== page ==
© americanifesto / 場黑麥
Under the vigilant eye of the country's leading metallurgic and molecular chemists, and funded primarily by generous financial contributions from average Grigovian citizens, a small army of technicians has started to apply layers of non-toxic chemicals to the exterior of Liberty Enlightening the World. The American government had sold her to Grigovia after de-funding its Park Service, and since then the statue has been carefully resurrected on Free Spit (formerly Mad Spit, for the insane asylum once located there), an island that rises from the Yalung River in the heart of cosmopolitan Grig. “All we need now is a good hard rain,” said Dr. Fiyennd Gharszt, who designed the witch's brew being applied to Liberty's copper panels. Once activated by water, the chemicals will turn her golden once more, a flashing shining goddess for all the world to see. “The water-activated compounds bind to any piece of oxidized copper, loosening it from the substrate at the molecular level and allowing it to run down the supple folds of our lady's flowing robes, where it will collect in catchment basins at her feet,” said Eleinna Hyourst-Rahdt, a former molecular biologist and current volunteer who manages a portion of the donated funds. While it is inevitable that some of the runoff will enter the sparkling Yalung River, Dr. Gharszt was adamant that it posed a threat to neither flora nor fauna and that it would in no way negatively impact farms or wildlife downstream. “We have been testing these compounds for months,” he said, “and in every scenario, the bits of oxidized copper separated from the molecules to which they were bound shortly after the bonding took place, whereupon they settled to the ground and were absorbed into the sediment without a noticeable impact on river grass or fishes. As it meanders through the moraine field north of Grig the Yalung naturally picks up its of tin, gold, and copper; our meager contribution will hardly matter.” Renovations to Liberty Enlightening the World are scheduled to be completed in time for the second the Glorious Republic of Grigovia's yearly independence ceremonies, on November 20th, during which it commemorates its self-liberation from Persian rule in 250 B.C.
© americanifesto / 場黑麥
A vast, interconnected network of tunnels stretches underneath this bustling city of 1.75 millions of industrious Grigovians. In nearly every possible direction (except, generally, up) run an unknowable number of branches, tunnels, shafts, holes, pits, pit-falls, and dead-ends that are not mapped, well-ventilated, secured, water-tight, stable, or safe. While these tunnels are a boon to this metropolis that is bisected by the meandering, brownish-gray Yalung River, drawing tourists in search of mythical cities of the underworld, their great extent and sheer length have proven a nightmarish hindrance to every military force that has tried to take Grig during its nearly eight-hundred-year history.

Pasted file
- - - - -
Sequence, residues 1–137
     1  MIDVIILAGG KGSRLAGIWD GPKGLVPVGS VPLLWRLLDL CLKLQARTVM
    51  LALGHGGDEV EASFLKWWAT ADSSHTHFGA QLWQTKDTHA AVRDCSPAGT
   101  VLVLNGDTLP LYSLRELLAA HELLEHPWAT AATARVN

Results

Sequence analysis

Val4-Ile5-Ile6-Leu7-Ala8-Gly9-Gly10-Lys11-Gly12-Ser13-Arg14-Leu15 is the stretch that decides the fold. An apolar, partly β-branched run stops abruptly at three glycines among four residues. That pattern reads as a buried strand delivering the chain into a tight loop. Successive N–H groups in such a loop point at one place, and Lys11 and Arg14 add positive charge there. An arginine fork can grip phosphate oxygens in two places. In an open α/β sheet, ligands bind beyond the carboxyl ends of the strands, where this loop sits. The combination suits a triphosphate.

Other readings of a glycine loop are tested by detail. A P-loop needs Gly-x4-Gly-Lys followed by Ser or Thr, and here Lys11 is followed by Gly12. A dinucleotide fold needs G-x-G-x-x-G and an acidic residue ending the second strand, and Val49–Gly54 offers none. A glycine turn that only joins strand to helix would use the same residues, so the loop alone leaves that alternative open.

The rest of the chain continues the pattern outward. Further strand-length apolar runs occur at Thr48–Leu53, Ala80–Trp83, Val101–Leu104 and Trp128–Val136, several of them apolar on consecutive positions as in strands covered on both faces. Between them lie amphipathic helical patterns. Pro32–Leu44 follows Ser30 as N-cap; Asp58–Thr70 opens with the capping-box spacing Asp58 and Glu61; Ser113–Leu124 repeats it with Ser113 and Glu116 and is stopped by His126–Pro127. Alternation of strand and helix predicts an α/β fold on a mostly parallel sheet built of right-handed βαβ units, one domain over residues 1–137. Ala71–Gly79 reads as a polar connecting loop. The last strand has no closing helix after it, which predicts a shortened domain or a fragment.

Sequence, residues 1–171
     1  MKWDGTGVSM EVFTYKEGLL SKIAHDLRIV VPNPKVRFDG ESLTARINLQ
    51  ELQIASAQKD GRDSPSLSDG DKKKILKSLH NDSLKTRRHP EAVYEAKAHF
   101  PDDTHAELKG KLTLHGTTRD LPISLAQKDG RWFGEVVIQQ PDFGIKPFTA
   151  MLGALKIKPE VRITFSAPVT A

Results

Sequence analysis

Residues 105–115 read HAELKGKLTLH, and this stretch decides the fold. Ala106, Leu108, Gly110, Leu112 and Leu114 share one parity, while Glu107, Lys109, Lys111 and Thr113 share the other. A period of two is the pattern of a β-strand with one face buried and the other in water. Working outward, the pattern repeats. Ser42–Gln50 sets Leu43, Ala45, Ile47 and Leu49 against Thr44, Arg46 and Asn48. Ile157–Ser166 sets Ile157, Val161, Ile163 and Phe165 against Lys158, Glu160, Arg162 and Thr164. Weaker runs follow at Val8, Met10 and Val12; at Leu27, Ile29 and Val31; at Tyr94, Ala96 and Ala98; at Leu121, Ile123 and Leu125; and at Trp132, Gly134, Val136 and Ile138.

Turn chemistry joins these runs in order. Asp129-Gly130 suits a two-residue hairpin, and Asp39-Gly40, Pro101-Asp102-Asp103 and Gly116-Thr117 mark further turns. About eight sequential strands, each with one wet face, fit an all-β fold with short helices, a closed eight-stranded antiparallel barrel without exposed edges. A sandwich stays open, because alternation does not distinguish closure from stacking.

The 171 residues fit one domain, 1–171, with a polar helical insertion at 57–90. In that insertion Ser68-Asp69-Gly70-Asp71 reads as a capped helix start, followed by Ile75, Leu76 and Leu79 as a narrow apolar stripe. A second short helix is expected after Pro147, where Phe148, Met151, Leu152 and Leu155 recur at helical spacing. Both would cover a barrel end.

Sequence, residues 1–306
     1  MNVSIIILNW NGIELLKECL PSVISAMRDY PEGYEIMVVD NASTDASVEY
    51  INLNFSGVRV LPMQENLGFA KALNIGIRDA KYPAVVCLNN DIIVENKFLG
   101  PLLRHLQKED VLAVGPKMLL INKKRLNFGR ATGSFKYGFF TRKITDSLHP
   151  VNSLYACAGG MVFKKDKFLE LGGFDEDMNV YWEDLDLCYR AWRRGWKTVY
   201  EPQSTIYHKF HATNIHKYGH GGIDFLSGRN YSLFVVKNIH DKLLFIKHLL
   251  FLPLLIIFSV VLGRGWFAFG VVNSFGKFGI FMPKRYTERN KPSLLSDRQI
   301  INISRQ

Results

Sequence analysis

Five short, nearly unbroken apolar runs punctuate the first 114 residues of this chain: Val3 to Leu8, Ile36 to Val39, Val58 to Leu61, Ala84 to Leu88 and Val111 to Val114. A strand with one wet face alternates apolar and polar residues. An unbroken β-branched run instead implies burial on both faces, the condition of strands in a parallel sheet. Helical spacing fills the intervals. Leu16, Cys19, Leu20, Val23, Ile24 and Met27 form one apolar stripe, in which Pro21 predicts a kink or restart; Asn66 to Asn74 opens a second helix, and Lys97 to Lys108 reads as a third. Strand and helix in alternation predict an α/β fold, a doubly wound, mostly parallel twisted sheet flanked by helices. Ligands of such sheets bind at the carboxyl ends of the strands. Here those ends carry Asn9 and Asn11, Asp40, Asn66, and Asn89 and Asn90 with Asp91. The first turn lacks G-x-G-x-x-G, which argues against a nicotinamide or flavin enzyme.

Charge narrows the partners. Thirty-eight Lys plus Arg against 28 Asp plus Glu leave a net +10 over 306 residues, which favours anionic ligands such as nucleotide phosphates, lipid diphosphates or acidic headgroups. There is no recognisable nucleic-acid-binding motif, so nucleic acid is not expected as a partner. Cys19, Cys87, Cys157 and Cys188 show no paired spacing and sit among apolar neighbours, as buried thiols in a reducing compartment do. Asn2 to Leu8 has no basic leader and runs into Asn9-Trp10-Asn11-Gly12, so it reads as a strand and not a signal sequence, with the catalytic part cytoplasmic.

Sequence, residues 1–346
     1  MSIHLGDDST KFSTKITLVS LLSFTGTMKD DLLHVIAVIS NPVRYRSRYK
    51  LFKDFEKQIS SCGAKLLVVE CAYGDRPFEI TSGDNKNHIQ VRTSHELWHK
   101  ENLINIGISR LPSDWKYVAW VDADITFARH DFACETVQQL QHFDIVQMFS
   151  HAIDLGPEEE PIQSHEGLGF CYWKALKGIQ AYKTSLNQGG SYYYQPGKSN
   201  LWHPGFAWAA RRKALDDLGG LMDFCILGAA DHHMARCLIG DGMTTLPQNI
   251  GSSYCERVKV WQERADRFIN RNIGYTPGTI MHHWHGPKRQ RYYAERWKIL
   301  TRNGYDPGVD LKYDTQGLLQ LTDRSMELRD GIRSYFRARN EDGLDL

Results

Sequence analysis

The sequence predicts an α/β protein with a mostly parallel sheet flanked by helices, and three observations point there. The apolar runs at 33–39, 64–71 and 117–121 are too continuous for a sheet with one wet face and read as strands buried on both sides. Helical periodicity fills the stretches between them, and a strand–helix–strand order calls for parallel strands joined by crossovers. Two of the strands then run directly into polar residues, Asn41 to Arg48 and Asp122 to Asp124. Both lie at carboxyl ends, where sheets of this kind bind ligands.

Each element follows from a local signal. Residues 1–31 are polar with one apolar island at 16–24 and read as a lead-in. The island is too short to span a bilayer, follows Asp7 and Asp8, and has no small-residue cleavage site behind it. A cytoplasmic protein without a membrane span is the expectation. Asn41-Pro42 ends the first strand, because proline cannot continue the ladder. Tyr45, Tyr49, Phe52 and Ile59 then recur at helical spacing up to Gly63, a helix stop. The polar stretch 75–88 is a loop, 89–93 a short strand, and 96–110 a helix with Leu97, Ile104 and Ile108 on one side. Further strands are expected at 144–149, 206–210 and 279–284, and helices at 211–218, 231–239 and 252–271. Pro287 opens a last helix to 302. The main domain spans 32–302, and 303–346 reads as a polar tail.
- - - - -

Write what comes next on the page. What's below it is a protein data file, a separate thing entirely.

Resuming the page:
Rolls of vellum discovered in a walled-off section of tunnel in the mid-1980s during construction of a Soviet-style housing block in Grig's Old City hint that the first tunnel may have been dug by Grigov the Watchful himself. The man in whose honor the nation is named, according to a new translation of these recently-restored vellum sheets, dug “a small recess in the larger mound by the four oak-trees so as to have somewhere to store all of these good and shapely tubers.” It is not clear from the ancient texts just what type of tubers he had obtained, but what may have started as a small recess now stretches from the banks of the Yalung to the very foothills of the Yiptlong massif itself. So extensive is this network, and so wide some of its larger tunnels, that it serves as bazaar, swap-meet, and marketplace for much of Grigovia's gray economy, which is suspected to be at least three times larger, and far more lively, than all of the country's above-ground, legitimate economic activity combined. Unconfirmed reports leaked by the U.S. State Department indicate that a majority of the fuel, mounts, firearms, provisions, and other such military gear that reaches the brave and heroic warriors of the various Yaelong tribes travels through the innumerable branches of this vast underground network of passageways.
While the Yaelong tribes were known even to Herodotus, who mentions them in his book, the Histories, a reference to the country now known as the Glorious Republic of Grigovia first appears in a Pashtun census from the year 1256, which says, roughly, “Avoid traversing the north-western Yplyn mountains, as a fierce people led by a priest-king named Krykuv guard all passes there with great diligence.“ Grigovia's Ministry of Internal Information Gathering, or MIIG, in a recent statement broadcast via short-wave radio, has warned all foreigners – especially foolhardy Americans – that any and all attempts to take the city of Grig, or to invade Grigovia, are, because of the all of the tunnels, and due to Grigovians' inherent fierceness and proven ability to resist invasion, doomed to fail. The statement concluded with, “Do not even try, you stupid, imperialist, capitalist, Yankee swine, because we, and our cozy tunnels, are ready, and waiting. Do you remember Viet-Nam? Imagine everything brown and covered in snow, and children leaping at you with knives in their teeth.”
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